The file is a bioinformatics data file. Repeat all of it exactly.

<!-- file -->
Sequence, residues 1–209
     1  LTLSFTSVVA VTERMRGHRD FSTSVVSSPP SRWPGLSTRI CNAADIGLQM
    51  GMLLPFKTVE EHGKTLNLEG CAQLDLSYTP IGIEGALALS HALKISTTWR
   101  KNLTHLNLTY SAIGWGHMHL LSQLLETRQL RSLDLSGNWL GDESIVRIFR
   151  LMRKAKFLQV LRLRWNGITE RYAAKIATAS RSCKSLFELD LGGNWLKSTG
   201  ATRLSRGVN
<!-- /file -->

Sequence, residues 1–209
     1  LTLSFTSVVA VTERMRGHRD FSTSVVSSPP SRWPGLSTRI CNAADIGLQM
    51  GMLLPFKTVE EHGKTLNLEG CAQLDLSYTP IGIEGALALS HALKISTTWR
   101  KNLTHLNLTY SAIGWGHMHL LSQLLETRQL RSLDLSGNWL GDESIVRIFR
   151  LMRKAKFLQV LRLRWNGITE RYAAKIATAS RSCKSLFELD LGGNWLKSTG
   201  ATRLSRGVN